Another interesting development was that statements made by international NGOs and Amnesty International’s Urgent Action of April 2019 regarding torture allegations against the former Prosecutor General Rashitjon Kadirov also led to a lively discussion on social media with an exchange of views on justice and international obligations. There is increased reporting in the media of pressing social problems and in February 2019 the General Prosecutor’s Office issued a press release on a suicide under investigation, reflecting a new level of transparency.
      
Trial of journalists Bobomurod Abdullayev, blogger Hayotkhon Nasreddinov and entrepreneurs Shavkat Olloyorov and Ravshan Salayev
  
From 7th March to 7th May 2018, an open trial was held in the Tashkent City Criminal Court of independent journalist Bobomurod Abdullayev, blogger and teacher Hayotkhon Nasreddinov, as well as entrepreneurs Ravshan Salayev and Shavkat Olloyorov, all accused of anti-constitutional crimes (under Article 159 Criminal Code), which are punishable by 20 years in prison. The charges were politically motivated and the trial attracted unprecedented attention from international media.
  
Bobomurod Abdullayev told the court that for many years he had written under the pseudonym “Usman Khaknazarov” about state corruption. He also described how he had been tortured during interrogation and investigation by senior National Security Service officials to get him to testify against incumbent President Mirziyoyevand political opponents such as the leader of the opposition party Erk, Muhammad Salih,and other critics abroad.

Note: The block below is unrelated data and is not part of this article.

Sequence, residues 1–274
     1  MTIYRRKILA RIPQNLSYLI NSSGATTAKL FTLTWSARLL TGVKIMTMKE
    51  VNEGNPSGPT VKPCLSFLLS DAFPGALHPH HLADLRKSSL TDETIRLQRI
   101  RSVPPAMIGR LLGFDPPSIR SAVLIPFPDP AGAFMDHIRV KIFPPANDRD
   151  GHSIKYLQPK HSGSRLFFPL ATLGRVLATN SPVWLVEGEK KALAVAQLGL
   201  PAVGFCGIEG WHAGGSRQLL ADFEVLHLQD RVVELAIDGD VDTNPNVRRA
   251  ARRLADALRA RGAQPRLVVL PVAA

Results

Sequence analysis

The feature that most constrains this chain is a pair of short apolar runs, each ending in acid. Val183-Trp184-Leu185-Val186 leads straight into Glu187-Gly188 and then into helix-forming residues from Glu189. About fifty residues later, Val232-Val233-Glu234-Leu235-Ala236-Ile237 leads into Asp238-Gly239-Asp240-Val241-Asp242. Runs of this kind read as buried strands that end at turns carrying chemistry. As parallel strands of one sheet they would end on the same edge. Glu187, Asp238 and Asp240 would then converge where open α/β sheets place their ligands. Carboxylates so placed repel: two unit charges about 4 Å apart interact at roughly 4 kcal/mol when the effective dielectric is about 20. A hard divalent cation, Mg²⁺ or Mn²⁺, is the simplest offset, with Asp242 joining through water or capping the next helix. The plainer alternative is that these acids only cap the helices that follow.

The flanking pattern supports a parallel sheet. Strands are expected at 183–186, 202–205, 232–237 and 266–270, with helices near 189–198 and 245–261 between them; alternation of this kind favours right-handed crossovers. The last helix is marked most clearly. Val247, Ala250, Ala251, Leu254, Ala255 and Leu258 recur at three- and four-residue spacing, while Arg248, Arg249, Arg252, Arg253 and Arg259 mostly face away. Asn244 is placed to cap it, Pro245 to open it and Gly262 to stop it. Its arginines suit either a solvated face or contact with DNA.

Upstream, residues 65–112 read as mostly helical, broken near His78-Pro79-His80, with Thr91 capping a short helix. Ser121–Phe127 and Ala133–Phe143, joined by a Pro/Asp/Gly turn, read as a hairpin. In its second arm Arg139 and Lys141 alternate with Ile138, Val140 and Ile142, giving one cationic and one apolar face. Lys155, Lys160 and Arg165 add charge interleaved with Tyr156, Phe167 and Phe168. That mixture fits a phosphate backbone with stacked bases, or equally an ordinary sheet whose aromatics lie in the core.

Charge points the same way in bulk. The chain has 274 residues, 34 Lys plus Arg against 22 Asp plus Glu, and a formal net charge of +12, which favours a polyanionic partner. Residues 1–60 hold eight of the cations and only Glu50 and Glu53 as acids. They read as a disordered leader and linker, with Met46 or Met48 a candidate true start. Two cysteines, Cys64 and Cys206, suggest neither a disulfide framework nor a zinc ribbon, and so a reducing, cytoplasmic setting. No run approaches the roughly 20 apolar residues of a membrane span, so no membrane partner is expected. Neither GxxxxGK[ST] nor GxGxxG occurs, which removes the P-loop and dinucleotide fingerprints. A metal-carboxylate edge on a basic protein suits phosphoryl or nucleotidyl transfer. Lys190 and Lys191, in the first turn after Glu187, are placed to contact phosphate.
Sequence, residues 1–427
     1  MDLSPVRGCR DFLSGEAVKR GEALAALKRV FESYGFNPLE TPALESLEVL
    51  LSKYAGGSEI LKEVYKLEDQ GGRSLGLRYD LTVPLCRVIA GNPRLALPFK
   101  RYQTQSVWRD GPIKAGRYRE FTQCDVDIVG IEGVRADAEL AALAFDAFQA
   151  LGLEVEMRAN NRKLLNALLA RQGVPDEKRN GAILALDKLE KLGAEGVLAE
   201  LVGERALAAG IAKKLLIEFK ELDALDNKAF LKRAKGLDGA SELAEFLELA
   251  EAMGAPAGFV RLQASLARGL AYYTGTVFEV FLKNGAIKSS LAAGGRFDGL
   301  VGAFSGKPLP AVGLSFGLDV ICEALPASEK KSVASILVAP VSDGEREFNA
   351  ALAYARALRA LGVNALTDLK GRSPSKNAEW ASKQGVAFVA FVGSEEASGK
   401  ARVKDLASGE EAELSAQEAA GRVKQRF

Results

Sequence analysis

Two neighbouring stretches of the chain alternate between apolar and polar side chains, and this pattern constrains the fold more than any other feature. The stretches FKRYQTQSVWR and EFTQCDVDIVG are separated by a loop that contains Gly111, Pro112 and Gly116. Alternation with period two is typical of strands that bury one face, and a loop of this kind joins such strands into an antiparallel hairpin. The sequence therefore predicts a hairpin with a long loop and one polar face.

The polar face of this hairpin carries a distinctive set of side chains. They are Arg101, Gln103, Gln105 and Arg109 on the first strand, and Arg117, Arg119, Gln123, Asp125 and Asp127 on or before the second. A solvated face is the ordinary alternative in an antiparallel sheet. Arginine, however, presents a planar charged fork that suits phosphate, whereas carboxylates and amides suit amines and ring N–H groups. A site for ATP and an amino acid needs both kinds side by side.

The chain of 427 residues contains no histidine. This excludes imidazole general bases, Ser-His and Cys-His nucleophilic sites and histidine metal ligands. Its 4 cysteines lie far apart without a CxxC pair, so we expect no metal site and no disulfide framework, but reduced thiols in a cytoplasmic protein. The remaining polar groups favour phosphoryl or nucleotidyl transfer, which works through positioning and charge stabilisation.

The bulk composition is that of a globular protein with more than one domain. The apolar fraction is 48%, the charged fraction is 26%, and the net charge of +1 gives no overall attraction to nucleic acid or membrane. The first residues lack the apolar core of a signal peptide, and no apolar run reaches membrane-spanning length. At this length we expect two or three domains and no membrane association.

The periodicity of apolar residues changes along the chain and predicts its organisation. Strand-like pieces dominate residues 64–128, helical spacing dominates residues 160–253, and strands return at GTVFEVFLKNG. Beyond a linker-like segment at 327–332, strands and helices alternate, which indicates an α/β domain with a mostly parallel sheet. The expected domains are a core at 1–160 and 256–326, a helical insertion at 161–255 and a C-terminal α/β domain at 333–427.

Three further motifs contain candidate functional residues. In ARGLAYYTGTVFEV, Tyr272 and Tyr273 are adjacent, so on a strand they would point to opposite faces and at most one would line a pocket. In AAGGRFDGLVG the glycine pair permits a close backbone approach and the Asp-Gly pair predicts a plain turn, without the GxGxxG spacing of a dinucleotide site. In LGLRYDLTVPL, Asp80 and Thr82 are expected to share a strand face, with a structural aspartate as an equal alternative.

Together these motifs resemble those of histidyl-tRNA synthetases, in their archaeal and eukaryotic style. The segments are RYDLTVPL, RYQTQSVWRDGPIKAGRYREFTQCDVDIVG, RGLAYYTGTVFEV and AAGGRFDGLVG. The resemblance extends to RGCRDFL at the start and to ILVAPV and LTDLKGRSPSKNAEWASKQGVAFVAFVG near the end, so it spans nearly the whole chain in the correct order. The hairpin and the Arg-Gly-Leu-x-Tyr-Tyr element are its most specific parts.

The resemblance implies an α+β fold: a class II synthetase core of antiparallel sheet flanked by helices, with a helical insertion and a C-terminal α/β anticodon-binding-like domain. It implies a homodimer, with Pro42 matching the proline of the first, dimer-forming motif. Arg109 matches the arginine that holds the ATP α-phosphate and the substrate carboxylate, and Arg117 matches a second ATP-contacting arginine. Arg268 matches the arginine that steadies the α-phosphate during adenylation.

Judge Zafar Nurmatov ruled that Ravshan Salayev, Shavkat Olloyorov and Hayotkhon Nasreddinov be acquitted and released from custody immediately. In relation to Bobomurod Abdullaev, the judge ordered that the charge be reclassified from Article 159.4 (conspiracy to seize power or overthrow the constitutional order of Uzbekistan) to Article 159.3b (public calls to overthrow the constitutional order, ... committed by an organised group or in its interests), and sentenced him to three years of correctional labour. The judge then announced that Abdullayev would also be released as he had already served 221 days in pre-trial detention and that one day in pre-trial detention counts for three days in prison. The verdict was met with cheers and applause from spectators in the courtroom, including international observers and press representatives.